Project Advisor(s)

Dr. Kevin Geedey, Dr. Michael Reisner

Presentation Type

Poster Presentation

Disciplines

Biogeochemistry | Hydrology | Terrestrial and Aquatic Ecology

Description, Abstract, or Artist's Statement

Urban stream syndrome is described as the deterioration of stream health in an urbanized watershed and is associated with the loss of ecosystem services, which in turn degrades downstream environments. One key symptom of the urban stream syndrome is reduced processing of inorganic nitrogen. Previous research suggests that as urbanization increases and water quality decreases, the uptake length (Sw) of inorganic N increases. This indicates that the stream is increasing the export of N downstream compared to in situ incorporation of N into the ecosystem. We measured uptake length (Sw) of NO3, using a pulse addition method, along 9 different reaches located within an urban watershed in Rock Island, IL that drains into the Rock River. The sites were chosen to represent varying levels of urbanization throughout the watershed. We found evidence of significant nitrogen uptake along stretches at seven of the nine sites we tested, indicating some level of ecosystem services are still being performed in this watershed in spite of the urban setting. We also wanted to see if background concentrations of nutrients or pollutants impacted nitrogen uptake. We predicted that higher background pollutant levels would increase the uptake length; however we found no such correlation. Our key finding was evidence of N uptake occurring across an urban watershed which differed from most research done on this topic.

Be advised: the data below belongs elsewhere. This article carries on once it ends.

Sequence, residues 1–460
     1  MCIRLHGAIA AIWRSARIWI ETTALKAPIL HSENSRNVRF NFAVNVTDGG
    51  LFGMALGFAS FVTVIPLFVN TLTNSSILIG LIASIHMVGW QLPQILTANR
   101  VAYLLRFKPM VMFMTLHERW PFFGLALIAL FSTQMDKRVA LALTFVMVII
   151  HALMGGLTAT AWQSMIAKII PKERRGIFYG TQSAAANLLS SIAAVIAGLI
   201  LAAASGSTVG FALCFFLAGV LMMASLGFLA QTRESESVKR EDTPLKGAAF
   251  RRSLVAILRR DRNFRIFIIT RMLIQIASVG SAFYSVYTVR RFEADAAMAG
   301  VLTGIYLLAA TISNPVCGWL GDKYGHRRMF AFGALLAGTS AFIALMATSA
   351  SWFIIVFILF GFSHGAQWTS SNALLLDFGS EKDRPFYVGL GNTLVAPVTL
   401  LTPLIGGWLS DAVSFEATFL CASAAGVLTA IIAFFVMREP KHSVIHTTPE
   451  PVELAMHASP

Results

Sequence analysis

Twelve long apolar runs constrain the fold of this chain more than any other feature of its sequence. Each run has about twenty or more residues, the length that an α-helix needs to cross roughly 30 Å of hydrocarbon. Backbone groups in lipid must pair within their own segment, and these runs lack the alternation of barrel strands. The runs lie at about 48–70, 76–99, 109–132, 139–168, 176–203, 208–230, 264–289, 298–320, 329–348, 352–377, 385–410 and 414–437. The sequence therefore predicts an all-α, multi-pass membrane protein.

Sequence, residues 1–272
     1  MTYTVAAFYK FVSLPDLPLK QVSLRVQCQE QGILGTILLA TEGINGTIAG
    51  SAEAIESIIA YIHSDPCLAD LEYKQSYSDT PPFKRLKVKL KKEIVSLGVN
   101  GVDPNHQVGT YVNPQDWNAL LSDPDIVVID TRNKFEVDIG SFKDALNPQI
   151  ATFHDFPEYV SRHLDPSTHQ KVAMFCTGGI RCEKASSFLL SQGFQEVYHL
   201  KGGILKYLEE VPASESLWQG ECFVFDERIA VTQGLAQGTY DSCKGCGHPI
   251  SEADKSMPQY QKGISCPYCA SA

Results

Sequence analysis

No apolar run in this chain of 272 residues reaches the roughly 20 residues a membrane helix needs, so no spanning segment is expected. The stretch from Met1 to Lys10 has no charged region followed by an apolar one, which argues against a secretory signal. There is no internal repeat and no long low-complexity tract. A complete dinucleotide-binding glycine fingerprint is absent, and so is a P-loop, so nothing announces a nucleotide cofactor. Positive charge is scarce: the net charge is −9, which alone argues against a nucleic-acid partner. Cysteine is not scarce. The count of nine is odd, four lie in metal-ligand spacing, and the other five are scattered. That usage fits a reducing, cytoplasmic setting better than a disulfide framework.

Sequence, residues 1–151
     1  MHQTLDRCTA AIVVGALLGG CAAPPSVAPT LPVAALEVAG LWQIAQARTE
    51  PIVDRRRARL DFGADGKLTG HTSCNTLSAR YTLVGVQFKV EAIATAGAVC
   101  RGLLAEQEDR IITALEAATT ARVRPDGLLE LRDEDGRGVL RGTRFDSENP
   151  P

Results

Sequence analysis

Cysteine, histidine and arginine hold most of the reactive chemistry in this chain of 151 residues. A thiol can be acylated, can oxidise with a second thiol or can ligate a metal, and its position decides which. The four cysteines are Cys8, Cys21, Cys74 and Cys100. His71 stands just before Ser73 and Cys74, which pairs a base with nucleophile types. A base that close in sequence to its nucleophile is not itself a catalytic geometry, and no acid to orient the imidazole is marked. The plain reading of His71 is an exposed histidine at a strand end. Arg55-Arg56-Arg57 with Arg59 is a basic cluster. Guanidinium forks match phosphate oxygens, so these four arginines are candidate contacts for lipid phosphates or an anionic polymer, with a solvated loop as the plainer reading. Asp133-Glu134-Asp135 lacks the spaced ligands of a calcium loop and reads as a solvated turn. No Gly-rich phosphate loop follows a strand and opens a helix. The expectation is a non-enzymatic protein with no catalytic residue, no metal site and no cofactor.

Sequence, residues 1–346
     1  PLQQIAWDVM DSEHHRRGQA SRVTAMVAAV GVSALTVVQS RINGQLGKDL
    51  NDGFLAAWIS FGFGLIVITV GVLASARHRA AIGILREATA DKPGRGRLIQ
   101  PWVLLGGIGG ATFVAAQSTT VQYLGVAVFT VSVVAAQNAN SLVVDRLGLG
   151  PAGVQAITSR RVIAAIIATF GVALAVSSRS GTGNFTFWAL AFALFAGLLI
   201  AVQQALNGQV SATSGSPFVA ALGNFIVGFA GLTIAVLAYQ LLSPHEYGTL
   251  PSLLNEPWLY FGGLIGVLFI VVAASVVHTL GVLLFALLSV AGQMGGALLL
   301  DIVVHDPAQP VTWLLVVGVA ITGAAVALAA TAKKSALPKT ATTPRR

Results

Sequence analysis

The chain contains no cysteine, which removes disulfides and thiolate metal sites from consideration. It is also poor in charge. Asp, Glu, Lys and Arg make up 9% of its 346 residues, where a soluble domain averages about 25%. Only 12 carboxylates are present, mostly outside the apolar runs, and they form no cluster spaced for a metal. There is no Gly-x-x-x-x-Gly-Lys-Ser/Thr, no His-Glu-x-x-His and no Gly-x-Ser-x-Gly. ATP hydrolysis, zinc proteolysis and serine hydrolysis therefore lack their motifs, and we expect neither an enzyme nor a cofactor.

Comments

This project was one of a group of projects conducted by students working for the Upper Mississippi Center for the Summer of 2016

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May 3rd, 12:00 AM May 3rd, 12:00 AM

The Effects of Urbanization on Nitrogen Processing in Urban Streams

Urban stream syndrome is described as the deterioration of stream health in an urbanized watershed and is associated with the loss of ecosystem services, which in turn degrades downstream environments. One key symptom of the urban stream syndrome is reduced processing of inorganic nitrogen. Previous research suggests that as urbanization increases and water quality decreases, the uptake length (Sw) of inorganic N increases. This indicates that the stream is increasing the export of N downstream compared to in situ incorporation of N into the ecosystem. We measured uptake length (Sw) of NO3, using a pulse addition method, along 9 different reaches located within an urban watershed in Rock Island, IL that drains into the Rock River. The sites were chosen to represent varying levels of urbanization throughout the watershed. We found evidence of significant nitrogen uptake along stretches at seven of the nine sites we tested, indicating some level of ecosystem services are still being performed in this watershed in spite of the urban setting. We also wanted to see if background concentrations of nutrients or pollutants impacted nitrogen uptake. We predicted that higher background pollutant levels would increase the uptake length; however we found no such correlation. Our key finding was evidence of N uptake occurring across an urban watershed which differed from most research done on this topic.